Men have larger brains than women, which makes it difficult to compare them.

Sergei Tripatson / Tragedy

Are the brains of men and women so different? A new way of investigating this question has concluded that they are – but it takes Artificial intelligence (AI) to differentiate them.

The question is whether we can measure the differences between men and women. the brain has long been controversial, with previous research showing conflicting results.

One problem is that men’s brains are slightly larger than women’s, perhaps because their bodies are generally larger, and some previous studies compared the size of different small brain regions. Unable to adjust overall brain volume. However, even before doing so, clear results have not emerged. “Once you correct for brain size, the results are quite variable,” says Vinod Menon at Stanford University in California.

To address the question differently, Menon’s team used a relatively new method called dynamic functional connectivity fMRI. This involves recording people’s brain activity while they lie in an active MRI scanner and tracking changes in how the activity of different regions varies in sync with each other.

The researchers designed an AI to analyze such brain-scanning data, which they trained on the results of nearly 1,000 young adults from an existing US database called the Human Connectome Project, to tell the AI ​​which individuals were male. And which women were there? In this analysis, the brain was divided into 246 different regions.

After this training process, the AI ​​was about 90 percent accurate in distinguishing between another set of brain scanning data of the same 1,000 men and women.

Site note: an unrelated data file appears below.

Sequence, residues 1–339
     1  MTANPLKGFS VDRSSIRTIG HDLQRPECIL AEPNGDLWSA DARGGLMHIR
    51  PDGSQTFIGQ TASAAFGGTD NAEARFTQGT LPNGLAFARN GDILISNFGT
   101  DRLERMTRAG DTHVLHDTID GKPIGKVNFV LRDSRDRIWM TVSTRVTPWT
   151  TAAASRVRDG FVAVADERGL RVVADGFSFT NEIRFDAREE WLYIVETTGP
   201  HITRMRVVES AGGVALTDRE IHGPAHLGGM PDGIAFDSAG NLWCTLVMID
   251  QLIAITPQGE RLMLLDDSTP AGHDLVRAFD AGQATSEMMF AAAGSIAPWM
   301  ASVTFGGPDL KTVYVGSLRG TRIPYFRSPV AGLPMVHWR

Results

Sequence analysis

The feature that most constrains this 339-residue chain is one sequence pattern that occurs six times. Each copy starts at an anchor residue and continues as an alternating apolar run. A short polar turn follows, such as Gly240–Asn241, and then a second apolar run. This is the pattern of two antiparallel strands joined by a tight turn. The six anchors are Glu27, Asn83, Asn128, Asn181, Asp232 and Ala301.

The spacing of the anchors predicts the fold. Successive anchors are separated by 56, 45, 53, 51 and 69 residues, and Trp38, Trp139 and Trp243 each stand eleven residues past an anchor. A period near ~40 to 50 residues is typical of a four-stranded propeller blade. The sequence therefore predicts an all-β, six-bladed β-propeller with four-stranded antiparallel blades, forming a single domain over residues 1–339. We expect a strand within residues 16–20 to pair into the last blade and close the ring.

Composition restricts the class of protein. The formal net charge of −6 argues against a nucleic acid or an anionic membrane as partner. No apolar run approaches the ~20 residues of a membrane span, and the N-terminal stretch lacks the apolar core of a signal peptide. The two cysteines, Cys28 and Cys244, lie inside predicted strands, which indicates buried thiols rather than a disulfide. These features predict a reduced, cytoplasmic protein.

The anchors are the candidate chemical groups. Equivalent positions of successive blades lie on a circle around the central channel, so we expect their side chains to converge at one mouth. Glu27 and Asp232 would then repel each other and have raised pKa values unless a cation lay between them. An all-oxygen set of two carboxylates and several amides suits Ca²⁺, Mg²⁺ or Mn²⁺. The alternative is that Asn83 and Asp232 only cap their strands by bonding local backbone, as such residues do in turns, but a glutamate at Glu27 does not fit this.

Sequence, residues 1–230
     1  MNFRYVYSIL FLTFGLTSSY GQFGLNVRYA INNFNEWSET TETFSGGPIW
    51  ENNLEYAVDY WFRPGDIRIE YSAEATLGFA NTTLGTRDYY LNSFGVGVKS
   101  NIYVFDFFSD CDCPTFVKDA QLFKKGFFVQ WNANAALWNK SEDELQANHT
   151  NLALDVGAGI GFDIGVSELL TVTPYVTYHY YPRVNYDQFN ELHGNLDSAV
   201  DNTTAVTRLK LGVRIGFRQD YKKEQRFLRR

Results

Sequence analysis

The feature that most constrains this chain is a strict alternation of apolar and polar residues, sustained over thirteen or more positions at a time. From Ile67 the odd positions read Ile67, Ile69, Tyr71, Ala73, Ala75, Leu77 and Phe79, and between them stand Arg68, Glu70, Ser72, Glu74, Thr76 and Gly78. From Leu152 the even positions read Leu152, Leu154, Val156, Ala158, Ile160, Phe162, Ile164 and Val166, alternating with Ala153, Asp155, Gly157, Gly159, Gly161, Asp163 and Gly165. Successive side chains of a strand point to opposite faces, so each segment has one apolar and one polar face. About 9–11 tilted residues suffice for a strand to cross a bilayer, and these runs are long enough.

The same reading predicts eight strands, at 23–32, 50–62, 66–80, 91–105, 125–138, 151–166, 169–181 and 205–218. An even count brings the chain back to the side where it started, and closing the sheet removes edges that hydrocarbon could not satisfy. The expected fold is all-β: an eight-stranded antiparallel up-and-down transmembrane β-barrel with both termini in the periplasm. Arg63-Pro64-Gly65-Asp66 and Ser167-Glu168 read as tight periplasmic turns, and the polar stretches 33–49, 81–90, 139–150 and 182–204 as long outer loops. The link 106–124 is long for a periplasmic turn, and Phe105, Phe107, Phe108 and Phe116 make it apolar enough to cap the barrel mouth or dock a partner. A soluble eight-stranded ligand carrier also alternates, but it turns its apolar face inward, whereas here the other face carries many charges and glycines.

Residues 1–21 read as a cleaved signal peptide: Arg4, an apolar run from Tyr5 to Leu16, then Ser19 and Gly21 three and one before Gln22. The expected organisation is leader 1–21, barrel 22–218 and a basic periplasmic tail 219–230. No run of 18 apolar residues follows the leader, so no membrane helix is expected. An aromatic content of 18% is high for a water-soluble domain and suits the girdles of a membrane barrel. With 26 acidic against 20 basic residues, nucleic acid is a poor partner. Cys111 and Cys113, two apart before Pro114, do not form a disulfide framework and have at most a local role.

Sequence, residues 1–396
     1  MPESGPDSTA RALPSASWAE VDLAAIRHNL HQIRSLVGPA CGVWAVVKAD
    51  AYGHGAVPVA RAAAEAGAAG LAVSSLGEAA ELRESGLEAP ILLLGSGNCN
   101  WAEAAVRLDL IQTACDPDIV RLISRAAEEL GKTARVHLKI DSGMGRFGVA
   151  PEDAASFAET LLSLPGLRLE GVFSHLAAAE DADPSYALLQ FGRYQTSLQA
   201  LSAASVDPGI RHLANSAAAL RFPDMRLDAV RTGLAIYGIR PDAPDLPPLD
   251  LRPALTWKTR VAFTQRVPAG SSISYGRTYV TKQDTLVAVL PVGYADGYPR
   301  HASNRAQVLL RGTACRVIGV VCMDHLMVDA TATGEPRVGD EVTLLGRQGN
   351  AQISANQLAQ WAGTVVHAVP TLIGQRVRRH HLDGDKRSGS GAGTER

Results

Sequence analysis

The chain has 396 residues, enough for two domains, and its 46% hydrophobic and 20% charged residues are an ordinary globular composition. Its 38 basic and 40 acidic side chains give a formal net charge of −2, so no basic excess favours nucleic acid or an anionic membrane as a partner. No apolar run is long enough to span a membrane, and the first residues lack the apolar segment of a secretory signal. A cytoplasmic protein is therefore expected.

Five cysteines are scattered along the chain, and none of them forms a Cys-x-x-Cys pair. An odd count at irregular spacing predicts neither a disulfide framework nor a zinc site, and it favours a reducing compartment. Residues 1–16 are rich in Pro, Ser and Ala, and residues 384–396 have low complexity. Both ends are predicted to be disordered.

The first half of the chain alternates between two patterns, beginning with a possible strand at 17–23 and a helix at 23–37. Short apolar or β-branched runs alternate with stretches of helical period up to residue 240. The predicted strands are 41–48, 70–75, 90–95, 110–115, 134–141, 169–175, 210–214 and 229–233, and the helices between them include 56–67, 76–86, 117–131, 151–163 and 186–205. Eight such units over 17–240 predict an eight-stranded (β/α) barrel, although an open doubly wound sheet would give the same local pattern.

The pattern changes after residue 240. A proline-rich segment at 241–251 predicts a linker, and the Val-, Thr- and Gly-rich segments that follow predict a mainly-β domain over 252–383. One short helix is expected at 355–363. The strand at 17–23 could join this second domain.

More importantly, the AI ​​was just as effective at distinguishing between brain scans of men and women from two different brain scanning datasets than it had seen before. They consisted of about 200 people between the ages of 20 and 35, both from the United States and Germany.

“What we bring to the table is a more rigorous study, with replication and generalization to other samples,” Menon says. None of the individuals included in the training or testing data were transgender.

“Their replication in samples that are completely independent of the Human Connectome Project makes me feel more confident about their results,” says. Camille Williams at the University of Texas at Austin.

The next question is whether the AI ​​will be as accurate when tested on larger additional sets of brain scanning results. “Only time will tell how it works with other datasets,” says Menon.

If confirmed, the findings could help us understand the reasons why certain medical conditions or forms of neural diversity differ by sex, Menon says. Attention Deficit Hyperactivity Disorder.

“If we don’t develop these sex-specific models, we will miss important aspects of the factors that make a difference. [for example]males with autism versus control males and females with autism versus control females,” says Menon.